Writer Jason Lemire has worked in the front offices of several MLS franchises and most recently was General Manager of The Pali Blues Soccer Club during the ascendance of the Tony Danza Army.
In the words of U.S. Customs Special Agent Dave Kujan, “A rumor’s not a rumor that doesn’t die.” Come Monday morning, Keyser Söze will officially be in the building.
Predictably, the comments section of every website from ESPNFC to Uncle Snuffy’s Backyard Kickaround (pretty sure that’s a soccer blog) are currently being filled with posts decrying this move as the worst thing to happen to US soccer since… well… anything involving Freddy Adu.
The collective disgust – yes, people are “disgusted” – reads more or less like this:
“WHAT? MLS is a major step down for a player still in his prime!”
“This runs counter to Klinsmann’s “take it to the next level” credo!”
“Clint is giving up on his dreams!”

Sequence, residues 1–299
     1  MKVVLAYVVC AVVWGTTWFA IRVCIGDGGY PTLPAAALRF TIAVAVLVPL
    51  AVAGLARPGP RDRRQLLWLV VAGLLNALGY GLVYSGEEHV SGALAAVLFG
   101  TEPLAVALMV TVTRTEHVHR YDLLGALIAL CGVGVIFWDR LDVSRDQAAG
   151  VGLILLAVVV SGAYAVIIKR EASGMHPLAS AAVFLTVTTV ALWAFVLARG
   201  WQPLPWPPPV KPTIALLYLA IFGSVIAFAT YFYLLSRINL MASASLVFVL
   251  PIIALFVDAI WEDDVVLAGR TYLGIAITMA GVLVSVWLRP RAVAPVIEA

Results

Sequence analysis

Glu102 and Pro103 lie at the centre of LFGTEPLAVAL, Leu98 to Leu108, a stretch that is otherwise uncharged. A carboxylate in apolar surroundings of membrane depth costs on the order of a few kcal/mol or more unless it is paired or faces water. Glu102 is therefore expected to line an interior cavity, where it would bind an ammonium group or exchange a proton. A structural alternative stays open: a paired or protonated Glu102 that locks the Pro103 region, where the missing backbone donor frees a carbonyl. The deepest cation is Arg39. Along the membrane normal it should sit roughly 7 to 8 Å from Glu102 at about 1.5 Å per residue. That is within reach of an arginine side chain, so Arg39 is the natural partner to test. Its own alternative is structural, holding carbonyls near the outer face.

“Clint won’t be as good in Brazil 2014 because of this move!”
And all of it is either somewhat shortsighted, or perfectly represents an ethos among a certain American soccer fans that frankly needs adjusting.
With this in mind, let us consider how maybe, just maybe, this move is a good thing, and how said good thing would ultimately debunk the above concerns.
1. What makes a transfer a good transfer?
Assuming we are looking at the situation through the lens of an American soccer fan who cares about both the US National Team and the growth of our sport as a whole, assessing the quality of an individual player’s transfer generally comes down to the question of: will this move help the player develop. There is little debate that at this point in time, the big leagues of Europe have the capacity to both accelerate and hone the technical and tactical development of a young player in a manner superior to MLS. If you want to debate this point that’s fine, but for the time being let’s operate under the assumption that Clint Dempsey would not have developed into the elite international player that he is today had he stayed with the New England Revolution.